We will be referring to permissions to the ability of a user to access and perform changes on the relevant parts of the host’s filesystem, starting/stopping services and installing software.
By privileges, we refer to the abilities of a database user to perform different kinds of actions on the database server.
There are many ways for checking the permission on a file or directory. For
ls -ls /path/to/file or
stat /path/to/file | grep Access will
do the job:
$ stat /etc/mysql | grep Access
Access: (0755/drwxr-xr-x) Uid: ( 0/ root) Gid: ( 0/ root) Access: 2011-05-12 21:19:07.129850437 -0300 $ ls -ld /etc/mysql/my.cnf -rw-r--r-- 1 root root 4703 Apr 5 06:26 /etc/mysql/my.cnf
As in this example,
my.cnf is owned by
root and not writable for anyone
else. Assuming that you do not have
root‘s password, you can check what
permissions you have on these types of files with
$ sudo -l
Password: You may run the following commands on this host: (root) /usr/bin/ (root) NOPASSWD: /etc/init.d/mysqld (root) NOPASSWD: /bin/vi /etc/mysql/my.cnf (root) NOPASSWD: /usr/local/bin/top (root) NOPASSWD: /usr/bin/ls (root) /bin/tail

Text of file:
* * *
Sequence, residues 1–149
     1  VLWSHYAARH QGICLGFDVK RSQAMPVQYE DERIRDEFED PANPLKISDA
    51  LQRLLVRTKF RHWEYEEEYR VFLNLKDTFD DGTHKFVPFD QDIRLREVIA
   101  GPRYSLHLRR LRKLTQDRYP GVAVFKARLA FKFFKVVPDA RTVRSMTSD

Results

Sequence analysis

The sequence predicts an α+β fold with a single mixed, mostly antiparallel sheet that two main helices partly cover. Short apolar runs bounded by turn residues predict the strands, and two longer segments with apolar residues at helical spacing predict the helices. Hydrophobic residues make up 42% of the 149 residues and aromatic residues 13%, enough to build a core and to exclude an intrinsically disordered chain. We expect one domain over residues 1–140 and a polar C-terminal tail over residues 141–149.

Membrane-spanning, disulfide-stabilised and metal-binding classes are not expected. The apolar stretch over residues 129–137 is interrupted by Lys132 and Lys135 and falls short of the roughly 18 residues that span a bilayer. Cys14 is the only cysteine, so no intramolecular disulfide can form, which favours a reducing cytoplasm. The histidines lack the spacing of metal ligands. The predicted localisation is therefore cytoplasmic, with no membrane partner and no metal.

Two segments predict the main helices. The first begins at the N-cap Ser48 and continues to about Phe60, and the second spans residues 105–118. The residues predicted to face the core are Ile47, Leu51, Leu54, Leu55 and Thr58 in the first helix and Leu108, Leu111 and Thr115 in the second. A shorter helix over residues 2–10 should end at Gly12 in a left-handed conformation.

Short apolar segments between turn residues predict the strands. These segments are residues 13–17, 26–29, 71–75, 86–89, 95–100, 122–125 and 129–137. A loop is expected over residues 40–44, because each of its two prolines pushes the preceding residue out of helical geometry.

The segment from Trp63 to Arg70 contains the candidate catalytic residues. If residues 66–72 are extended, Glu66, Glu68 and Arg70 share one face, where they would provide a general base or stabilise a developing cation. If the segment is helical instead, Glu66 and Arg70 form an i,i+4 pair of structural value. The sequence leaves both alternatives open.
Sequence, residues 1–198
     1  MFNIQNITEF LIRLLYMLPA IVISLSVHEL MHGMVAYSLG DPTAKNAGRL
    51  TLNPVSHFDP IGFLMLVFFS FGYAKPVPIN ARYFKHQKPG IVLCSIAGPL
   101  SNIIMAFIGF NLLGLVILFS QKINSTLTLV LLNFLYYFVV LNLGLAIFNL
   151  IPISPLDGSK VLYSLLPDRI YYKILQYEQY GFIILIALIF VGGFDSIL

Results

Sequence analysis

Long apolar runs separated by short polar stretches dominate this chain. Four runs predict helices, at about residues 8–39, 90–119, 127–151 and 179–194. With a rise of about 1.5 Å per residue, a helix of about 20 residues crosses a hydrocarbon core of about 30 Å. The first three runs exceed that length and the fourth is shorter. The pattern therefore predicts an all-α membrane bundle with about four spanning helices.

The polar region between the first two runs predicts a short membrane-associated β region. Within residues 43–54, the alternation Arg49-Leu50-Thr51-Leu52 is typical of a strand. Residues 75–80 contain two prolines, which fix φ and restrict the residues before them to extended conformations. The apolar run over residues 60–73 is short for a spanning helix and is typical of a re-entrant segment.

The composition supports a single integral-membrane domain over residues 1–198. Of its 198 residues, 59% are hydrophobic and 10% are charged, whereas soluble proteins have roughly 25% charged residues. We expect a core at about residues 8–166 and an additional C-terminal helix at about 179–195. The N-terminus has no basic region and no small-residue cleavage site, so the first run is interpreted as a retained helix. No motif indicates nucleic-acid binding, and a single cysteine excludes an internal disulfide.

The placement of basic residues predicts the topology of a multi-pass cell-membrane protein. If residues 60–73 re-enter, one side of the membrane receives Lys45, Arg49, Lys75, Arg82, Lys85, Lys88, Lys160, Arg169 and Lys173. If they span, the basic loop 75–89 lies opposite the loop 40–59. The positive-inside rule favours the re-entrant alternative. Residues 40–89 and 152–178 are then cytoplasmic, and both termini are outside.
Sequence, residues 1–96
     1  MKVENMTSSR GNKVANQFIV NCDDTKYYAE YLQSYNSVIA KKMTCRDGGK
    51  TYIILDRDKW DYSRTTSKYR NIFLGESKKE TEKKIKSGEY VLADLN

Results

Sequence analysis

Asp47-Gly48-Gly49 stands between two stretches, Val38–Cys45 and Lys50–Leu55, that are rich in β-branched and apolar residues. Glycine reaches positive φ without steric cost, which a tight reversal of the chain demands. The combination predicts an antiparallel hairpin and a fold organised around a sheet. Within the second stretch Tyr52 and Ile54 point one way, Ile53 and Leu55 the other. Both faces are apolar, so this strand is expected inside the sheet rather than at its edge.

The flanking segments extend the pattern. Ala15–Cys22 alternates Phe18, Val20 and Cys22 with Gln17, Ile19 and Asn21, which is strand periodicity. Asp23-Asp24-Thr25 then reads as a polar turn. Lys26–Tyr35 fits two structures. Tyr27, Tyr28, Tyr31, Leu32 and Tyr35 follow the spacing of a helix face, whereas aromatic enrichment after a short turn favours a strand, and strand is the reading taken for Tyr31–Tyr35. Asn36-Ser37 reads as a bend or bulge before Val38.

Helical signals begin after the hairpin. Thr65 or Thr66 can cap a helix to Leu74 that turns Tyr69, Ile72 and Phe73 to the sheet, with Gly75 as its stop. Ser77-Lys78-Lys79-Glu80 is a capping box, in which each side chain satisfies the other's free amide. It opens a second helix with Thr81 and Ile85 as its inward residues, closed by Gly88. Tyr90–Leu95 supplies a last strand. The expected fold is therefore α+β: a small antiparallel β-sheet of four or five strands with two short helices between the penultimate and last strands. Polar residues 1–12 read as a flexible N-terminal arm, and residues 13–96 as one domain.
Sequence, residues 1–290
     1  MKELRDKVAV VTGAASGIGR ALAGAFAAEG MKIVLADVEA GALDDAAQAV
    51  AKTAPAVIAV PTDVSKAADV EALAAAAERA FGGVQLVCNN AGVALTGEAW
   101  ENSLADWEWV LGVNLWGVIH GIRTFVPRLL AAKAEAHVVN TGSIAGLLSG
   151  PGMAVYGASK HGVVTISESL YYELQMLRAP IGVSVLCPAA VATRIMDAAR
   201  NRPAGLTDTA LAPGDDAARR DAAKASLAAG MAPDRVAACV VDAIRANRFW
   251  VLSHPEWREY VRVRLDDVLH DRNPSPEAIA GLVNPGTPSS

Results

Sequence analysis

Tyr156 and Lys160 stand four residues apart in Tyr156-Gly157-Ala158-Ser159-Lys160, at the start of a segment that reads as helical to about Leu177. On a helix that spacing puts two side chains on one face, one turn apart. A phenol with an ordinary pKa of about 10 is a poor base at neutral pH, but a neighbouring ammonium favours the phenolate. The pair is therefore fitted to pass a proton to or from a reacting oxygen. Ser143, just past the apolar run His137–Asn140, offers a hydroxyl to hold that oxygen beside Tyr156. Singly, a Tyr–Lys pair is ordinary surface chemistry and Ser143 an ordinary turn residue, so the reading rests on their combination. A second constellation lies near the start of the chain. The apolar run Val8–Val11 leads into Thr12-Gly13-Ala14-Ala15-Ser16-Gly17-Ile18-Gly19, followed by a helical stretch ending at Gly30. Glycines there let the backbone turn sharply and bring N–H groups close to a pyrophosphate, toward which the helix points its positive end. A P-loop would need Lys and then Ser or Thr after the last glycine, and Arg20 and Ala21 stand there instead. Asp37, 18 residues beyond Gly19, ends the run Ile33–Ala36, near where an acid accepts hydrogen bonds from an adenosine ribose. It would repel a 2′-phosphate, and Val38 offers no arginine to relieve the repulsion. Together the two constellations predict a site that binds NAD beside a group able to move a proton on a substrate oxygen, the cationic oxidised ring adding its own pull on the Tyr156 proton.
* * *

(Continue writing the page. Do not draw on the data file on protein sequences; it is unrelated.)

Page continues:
Being able to execute with
sudo scripts in
/sbin/service is the ability to start and stop services.
Also, If you can execute the package manager of your distribution, you can
install or remove software with it. If not, having
rwx permission over a
directory will let you do a local installation of software by compiling it
there. This is a typical situation in many hosting companies’ services.
There are other ways for managing permissions, such as using PolicyKit, * Extended ACLs or SELinux*, which may be preventing or allowing your access. You should check them in that case.